RARELY SEEN POPES TO BE DISPLAYED AHEAD OF AUCTION

Decorative image: Francis Bacon, Study of Red Pope, 1962, Second Version, 1971
Francis Bacon, Study of Red Pope, 1962, Second Version, 1971. Oil on canvas. © The Estate of Francis Bacon / DACS London 2017. All rights reserved. Catalogue Raisonné Number 71-04.

Francis Bacon’s Head with Raised Arm, 1955 and Study of Red Pope, 1962. 2nd version, 1971, are due to be included in a free public display in London by Christies.

Until this display and auction, the location of Bacon’s Head with Raised Arm, 1955 was untraceable during the compiling of the catalogue raisonné. The painting’s reappearance is considered a remarkable reappearance of Francis Bacon art. The piece was last exhibited in 1962, at the Galleria Civica d’Arte Moderna, Turin, and acquired by the present owners in the following year.

The auction house highlights that Study of Red Pope, 1962. 2nd version, 1971 has been unseen in public since its unveiling at Bacon’s landmark retrospective at the Grand Palais 46 years ago. Martin Harrison FSA compares the work to its first version (Study from Innocent X, 1962) in the ‘Francis Bacon: Catalogue Raisonné’:

‘The paint is applied more sparingly, and indeed almost half the canvas is left unpainted. On the other hand, Bacon introduced an entirely new element in the later painting, the figure (presumably George Dyer) seen reflected in the curved mirror to the right.’

The display of these rarely seen Bacon works begin on 30 September at Christies’ King Street address, proceeding their ‘Post-War and Contemporary Art Evening Auction’ in October, find out more via Christie’s website.

Word reference: Christies website and the ‘Francis Bacon: Catalogue Raisonné’

*Please note all details including names, dates and featured works, opening days/hours are subject to change. Ahead of a visiting, we recommend contacting the Christies for all confirmation regarding the display.

CATALOGUE RAISONNÉ FOCUS: PORTRAIT OF GEORGE DYER IN A MIRROR, 1968

Francis Bacon, Portrait of George Dyer in a Mirror 1968. Oil on canvas. © The Estate of Francis Bacon / DACS London 2017. All rights reserved. Catalogue Raisonné Number 68-05.

For our next ‘Catalogue Raisonné Focus’, we look at Portrait of George Dyer in a Mirror, 1968, which is currently on display at the Musée Fabre as part of their ‘Francis Bacon / Bruce Nauman. Face to Face’ exhibition.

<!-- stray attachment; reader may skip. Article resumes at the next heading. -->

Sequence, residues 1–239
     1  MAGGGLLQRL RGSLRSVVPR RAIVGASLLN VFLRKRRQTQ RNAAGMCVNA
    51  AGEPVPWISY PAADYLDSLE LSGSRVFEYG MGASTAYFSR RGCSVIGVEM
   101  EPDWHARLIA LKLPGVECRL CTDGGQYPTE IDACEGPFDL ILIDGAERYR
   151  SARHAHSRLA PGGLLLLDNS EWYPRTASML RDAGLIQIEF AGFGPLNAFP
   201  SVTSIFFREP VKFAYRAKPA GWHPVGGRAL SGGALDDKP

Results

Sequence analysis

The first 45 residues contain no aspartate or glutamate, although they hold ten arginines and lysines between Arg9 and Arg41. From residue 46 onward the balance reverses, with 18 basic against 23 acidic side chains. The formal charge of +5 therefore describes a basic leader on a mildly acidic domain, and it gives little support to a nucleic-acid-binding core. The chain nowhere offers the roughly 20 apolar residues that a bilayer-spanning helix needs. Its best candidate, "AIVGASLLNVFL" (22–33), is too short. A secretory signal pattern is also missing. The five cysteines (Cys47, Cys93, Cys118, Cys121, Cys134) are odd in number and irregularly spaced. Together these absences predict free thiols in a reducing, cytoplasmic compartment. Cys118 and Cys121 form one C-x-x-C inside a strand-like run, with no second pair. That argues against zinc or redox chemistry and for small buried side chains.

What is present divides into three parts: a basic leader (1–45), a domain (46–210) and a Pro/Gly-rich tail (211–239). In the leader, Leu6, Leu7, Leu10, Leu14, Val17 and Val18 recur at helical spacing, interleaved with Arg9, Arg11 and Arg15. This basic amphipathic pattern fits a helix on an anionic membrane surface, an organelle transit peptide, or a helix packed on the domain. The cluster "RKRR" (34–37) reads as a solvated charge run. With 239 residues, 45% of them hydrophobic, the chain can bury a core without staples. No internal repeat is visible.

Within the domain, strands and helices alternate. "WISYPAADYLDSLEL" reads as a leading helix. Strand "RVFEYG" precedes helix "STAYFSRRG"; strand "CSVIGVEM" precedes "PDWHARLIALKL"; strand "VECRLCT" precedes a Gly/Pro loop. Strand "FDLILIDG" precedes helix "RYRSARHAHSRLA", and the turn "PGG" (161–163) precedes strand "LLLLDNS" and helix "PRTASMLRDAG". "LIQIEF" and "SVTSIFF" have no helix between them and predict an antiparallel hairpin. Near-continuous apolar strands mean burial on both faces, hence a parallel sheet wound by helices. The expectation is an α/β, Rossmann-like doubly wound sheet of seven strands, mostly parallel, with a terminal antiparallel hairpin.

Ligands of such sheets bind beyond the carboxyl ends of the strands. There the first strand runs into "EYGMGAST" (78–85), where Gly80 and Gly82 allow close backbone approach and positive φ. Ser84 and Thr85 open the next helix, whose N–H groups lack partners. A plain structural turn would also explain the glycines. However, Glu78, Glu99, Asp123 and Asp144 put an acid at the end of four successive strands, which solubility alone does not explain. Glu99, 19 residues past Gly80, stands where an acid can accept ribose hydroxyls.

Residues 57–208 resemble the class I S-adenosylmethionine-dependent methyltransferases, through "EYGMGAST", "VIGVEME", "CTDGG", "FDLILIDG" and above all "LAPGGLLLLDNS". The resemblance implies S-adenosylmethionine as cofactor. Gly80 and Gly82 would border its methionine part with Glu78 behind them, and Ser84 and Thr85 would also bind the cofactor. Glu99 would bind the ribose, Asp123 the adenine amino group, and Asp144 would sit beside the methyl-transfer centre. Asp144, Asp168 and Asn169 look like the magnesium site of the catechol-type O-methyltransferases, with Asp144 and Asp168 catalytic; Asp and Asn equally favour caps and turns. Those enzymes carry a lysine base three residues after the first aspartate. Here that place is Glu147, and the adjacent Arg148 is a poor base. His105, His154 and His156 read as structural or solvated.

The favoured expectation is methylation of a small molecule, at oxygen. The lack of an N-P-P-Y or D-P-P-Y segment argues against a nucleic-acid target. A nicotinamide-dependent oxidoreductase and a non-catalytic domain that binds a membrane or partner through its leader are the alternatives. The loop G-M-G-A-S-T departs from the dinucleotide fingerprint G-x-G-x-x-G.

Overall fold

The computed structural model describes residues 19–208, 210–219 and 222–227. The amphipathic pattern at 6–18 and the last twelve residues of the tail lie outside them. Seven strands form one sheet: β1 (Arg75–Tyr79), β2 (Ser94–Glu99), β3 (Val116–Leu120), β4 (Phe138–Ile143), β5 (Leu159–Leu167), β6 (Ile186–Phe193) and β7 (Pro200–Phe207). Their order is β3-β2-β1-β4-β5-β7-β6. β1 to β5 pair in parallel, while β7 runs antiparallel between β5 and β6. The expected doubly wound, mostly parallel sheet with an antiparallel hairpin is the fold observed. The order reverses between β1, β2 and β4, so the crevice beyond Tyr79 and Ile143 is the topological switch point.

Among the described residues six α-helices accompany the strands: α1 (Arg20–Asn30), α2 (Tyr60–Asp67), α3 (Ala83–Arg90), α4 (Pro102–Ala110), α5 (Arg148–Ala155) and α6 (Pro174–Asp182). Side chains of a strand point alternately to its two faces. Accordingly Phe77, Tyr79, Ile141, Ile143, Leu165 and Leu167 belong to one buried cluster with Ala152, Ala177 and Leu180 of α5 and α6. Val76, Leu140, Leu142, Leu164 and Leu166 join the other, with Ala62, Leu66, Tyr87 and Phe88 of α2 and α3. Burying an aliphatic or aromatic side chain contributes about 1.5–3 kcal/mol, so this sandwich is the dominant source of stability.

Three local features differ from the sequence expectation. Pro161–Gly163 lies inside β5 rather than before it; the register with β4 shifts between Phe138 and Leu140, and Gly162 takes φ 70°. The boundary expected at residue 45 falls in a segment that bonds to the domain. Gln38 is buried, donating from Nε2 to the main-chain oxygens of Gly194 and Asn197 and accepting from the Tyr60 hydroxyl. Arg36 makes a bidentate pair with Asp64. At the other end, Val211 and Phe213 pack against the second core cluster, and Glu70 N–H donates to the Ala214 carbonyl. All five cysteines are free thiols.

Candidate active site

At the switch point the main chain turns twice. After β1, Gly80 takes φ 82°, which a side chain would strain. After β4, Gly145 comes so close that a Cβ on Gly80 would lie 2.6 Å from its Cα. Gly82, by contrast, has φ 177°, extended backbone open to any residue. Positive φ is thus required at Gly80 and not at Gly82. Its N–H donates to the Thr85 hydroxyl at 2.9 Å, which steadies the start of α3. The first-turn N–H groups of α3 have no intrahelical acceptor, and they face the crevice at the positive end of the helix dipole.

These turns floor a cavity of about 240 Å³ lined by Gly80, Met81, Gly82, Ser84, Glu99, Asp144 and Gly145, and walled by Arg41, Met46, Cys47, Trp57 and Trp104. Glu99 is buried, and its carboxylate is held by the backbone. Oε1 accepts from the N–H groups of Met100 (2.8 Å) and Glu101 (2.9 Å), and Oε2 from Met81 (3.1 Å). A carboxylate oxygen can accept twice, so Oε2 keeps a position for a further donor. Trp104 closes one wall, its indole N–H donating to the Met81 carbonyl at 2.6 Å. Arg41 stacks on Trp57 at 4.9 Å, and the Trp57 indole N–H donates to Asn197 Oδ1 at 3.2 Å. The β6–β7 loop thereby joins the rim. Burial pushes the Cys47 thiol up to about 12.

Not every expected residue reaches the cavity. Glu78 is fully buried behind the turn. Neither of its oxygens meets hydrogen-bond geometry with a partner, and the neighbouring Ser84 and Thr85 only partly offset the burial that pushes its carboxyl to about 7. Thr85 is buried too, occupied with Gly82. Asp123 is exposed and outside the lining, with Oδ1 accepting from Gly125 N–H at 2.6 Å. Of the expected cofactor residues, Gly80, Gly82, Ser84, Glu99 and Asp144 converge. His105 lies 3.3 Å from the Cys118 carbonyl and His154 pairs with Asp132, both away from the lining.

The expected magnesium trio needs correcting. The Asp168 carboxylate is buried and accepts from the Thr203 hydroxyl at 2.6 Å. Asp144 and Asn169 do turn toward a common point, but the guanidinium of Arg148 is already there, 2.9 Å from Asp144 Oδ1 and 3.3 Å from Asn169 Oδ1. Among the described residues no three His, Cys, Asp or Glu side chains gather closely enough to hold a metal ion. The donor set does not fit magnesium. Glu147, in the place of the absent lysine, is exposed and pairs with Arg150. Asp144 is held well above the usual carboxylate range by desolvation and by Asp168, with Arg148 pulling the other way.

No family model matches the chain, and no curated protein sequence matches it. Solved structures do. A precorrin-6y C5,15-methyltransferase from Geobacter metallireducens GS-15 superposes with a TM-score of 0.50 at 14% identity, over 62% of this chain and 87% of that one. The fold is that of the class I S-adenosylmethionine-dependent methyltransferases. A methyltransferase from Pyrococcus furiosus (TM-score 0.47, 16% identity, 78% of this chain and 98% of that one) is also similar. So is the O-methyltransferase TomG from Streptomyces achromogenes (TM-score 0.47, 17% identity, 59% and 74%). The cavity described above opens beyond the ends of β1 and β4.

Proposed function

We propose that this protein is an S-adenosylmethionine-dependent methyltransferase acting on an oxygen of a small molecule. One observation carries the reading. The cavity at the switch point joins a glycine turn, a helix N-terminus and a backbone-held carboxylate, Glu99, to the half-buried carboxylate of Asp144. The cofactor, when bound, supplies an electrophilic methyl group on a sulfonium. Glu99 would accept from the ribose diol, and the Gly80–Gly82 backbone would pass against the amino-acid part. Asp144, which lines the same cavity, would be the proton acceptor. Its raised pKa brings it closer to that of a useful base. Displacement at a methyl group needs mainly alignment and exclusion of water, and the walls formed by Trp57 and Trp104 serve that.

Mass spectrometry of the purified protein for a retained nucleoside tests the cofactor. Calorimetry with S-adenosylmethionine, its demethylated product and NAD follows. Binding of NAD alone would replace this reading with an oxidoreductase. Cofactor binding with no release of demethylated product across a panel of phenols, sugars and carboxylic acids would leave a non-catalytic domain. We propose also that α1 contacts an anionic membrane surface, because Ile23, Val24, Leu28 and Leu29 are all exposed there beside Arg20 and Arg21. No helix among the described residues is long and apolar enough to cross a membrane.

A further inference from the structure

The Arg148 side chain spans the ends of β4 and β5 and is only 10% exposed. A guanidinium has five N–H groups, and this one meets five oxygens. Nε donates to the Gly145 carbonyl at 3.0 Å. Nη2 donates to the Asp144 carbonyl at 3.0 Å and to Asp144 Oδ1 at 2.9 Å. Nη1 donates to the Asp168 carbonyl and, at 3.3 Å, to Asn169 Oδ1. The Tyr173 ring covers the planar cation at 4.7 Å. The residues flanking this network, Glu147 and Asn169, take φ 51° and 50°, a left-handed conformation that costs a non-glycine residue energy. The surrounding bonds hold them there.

In Portrait of George Dyer, 1967, Bacon’s diary referenced ‘George folded’ and this representation can be directly related to this portrait of George Dyer.

The smartly-attired Dyer is only a rehearsal for the image that appears in the mirror, where his head is ‘sliced and severed into two parts’.

Excerpts: Martin Harrison, FSA. 68-05 Portrait of George Dyer in a Mirror, 1968. Catalogue Raisonné Volume III, page 880-881.

If you’d like to order a copy of the ‘Francis Bacon: Catalogue Raisonné’ please visit Heni Publishing’s website.

FRANCIS BACON’S WORK AT GEMEENTEMUSEUM DEN HAAG

© Gemeentemuseum Den Haag

The Gemeentemuseum Den Haag in the Netherlands currently has six works of Francis Bacon on show as part of their ‘Discover the Modern’ permanent exhibition.

The exhibition brings together works from different periods, art movements and disciplines where you can discover 20th Century art history, stories and dialogue. Other artists on show in the exhibition include Vincent van Gogh, Egon Schiele, Pablo Picasso and Louise Bourgeois.

The five Francis Bacon works on display include Portrait of John Edwards 1988, Seated Figure circa 1984, Study of the Human Body 1987 (oil on canvas), Study of the Human Body 1987 (oil and pastel on canvas) and Two Owls circa 1957.

In addition to these, the Gemeentemuseum Den Haag has Paralytic Child Walking on All Fours (from Muybridge) 1961 as part of its collection and the exhibition.

Discover the Modern
Gemeentemuseum Den Haag 
Ticketed admission
The Hague, The Netherlands

Word ref: Gemeentemuseum Den Haag website
*Please note all details including names, dates and featured works, opening days/hours are subject to change. Ahead of a visiting, we recommend contacting the Gemeentemuseum Den Haag for all confirmation regarding the display.